But there was also the short-lived design leadership at DKNY of Dao-Yi Chow and Maxwell Osborne, who were tapped to succeed Karan and Jane Chung. The Public School duo was ousted not long after G-III in 2016 finalized a $650 million deal to acquire Donna Karan International from LVMH Moët Hennessy Louis Vuitton.
“There is a learning curve, and we have learned quickly what’s good and what is not,” Goldfarb said when discussing the brands’ strong third-quarter during a call with financial analysts. “Fortunately for us, the learnings were not costly. We responded.”
Now there is what Goldfarb referred to as his overall group’s “retail problem,” marked by too many unprofitable stores, a solution to which is evolving. In addition to DKI, G-III owns brands such as Vilebrequin, G.H. Bass, Andrew Marc, Marc New York, Eliza J and Jessica Howard. It also makes licensed goods under Calvin Klein, Tommy Hilfiger, Guess, Vince Camuto, Ivanka Trump and more.
“There are certainly stores that are profitable, but unfortunately a significant number that are not,” Goldfarb said.
The plan includes identifying larger stores in expensive tourist-driven areas and converting them for more popular brands, like the Donna Karan lines and Karl Lagerfeld Paris, in which G-III also has a stake. There is also the ongoing closure of scores of stores, mainly for the company’s Wilson and Bass brands.
“We dealt with the biggest losers first,” Goldfarb said of the retail strategy. “We didn’t renew leases that expired. We’re in the middle of negotiating a reasonable solution to our biggest losing store, and it will have an early termination, and it might involve a conversion for the couple of years that might remain with it — we’re very happy with the progress.”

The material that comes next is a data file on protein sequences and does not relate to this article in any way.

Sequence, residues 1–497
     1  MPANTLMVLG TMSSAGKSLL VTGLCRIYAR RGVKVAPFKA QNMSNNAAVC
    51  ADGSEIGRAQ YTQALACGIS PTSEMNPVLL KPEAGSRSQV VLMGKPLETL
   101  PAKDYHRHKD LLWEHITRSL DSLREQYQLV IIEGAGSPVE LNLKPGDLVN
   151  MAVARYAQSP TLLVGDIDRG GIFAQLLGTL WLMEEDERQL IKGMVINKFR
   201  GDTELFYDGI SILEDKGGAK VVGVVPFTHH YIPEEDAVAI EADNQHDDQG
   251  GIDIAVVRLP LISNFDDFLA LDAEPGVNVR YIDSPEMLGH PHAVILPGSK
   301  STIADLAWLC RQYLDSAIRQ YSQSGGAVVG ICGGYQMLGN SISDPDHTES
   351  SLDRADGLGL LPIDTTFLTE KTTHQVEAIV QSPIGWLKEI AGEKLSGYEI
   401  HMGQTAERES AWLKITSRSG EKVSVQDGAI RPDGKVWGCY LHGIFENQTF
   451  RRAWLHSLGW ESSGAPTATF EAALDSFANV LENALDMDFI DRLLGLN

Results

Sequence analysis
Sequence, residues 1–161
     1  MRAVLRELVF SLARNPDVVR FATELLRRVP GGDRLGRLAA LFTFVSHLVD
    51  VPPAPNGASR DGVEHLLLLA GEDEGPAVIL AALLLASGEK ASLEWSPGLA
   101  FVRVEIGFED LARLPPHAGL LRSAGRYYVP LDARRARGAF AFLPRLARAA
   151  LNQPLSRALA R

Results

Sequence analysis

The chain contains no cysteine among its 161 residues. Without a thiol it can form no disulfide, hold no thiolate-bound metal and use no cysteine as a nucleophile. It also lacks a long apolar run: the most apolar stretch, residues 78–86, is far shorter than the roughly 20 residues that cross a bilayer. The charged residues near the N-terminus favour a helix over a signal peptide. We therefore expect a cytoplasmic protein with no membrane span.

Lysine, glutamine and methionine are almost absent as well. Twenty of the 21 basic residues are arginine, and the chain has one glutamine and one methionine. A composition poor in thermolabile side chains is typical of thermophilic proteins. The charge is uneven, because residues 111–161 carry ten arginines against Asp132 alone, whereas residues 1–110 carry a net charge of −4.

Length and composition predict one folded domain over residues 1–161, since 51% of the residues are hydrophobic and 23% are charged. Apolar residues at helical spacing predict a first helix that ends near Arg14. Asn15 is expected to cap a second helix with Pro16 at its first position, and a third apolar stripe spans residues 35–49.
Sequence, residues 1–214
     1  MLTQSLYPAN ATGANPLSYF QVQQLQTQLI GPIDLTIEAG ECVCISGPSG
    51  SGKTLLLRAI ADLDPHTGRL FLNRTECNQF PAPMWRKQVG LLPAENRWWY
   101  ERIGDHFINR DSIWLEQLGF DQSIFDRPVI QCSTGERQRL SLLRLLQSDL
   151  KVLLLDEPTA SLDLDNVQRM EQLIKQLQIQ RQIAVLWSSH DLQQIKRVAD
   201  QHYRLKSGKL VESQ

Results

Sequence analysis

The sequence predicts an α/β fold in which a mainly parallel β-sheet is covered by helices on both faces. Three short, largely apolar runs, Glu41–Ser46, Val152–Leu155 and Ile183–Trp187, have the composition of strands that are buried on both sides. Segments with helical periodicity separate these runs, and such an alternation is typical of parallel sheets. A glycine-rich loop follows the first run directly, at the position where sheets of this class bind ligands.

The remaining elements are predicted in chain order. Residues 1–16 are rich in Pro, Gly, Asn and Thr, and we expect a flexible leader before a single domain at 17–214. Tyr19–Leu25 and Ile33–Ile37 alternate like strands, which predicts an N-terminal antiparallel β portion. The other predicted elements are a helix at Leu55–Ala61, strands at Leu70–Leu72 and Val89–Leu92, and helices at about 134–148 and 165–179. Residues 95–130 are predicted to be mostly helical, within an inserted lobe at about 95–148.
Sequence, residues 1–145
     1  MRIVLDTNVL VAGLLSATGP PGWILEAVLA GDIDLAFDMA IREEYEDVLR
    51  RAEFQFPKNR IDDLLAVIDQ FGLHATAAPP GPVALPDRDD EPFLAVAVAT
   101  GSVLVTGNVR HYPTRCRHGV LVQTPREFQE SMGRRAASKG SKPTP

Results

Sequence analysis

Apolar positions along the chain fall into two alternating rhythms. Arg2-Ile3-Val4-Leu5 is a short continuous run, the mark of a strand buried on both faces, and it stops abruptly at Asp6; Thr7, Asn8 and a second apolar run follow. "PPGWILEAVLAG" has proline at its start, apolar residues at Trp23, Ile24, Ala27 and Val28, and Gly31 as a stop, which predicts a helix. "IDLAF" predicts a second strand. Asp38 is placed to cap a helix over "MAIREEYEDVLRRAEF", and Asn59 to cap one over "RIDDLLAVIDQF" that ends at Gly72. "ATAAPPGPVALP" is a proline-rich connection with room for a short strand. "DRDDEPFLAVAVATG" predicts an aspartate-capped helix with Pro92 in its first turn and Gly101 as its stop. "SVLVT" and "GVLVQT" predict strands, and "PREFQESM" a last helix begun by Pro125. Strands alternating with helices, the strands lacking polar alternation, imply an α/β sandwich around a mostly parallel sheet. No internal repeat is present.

Goldfarb added, however, that the company has yet to embark on simply buying its way out of untenable leases, but that’s on the table for the first quarter of next year “if it doesn’t get significantly better.”
“The mission is to cure the retail problem; that’s one of the primary missions this company has,” he said.
Looking to 2018, the ceo revealed that model Emily Ratajkowski will continue on through next year as the face of DKNY, and that there are plans to focus on building up specialty retail and for “deeper penetration into top-tier retailers,” like Neiman Marcus, Saks Fifth Avenue, Nordstrom and Bergdorf Goodman.
G-III is also investing more into its digital business and continuing to expand globally for the first time, with the Donna Karan brands leading the way.
“There are opportunities in Europe that we really don’t have in North America,” Goldfarb said. “There are probably north of 500 new doors that provide opportunities for us in Europe, whether there’s small specialty stores or they’re department stores with multiple locations, and we’re making our mark very, very quickly.”